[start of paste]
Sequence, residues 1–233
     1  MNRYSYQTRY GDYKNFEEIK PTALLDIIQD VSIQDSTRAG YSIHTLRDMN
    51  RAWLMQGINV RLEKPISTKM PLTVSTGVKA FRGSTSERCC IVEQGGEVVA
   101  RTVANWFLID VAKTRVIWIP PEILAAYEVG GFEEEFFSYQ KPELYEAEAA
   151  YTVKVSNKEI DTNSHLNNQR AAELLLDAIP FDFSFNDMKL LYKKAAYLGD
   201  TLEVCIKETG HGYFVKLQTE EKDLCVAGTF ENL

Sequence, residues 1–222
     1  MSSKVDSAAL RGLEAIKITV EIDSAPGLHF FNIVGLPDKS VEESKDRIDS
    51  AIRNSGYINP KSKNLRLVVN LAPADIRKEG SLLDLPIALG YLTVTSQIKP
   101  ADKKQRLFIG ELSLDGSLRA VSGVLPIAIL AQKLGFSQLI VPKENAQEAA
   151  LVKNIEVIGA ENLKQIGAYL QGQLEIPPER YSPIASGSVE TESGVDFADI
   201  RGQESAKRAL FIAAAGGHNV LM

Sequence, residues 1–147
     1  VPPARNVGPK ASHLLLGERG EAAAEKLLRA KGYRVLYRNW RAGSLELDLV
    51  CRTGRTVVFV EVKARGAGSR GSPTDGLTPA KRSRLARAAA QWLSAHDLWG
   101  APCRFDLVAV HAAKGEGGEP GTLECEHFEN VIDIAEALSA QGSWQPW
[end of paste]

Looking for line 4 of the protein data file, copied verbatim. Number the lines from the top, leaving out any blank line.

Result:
   101  RTVANWFLID VAKTRVIWIP PEILAAYEVG GFEEEFFSYQ KPELYEAEAA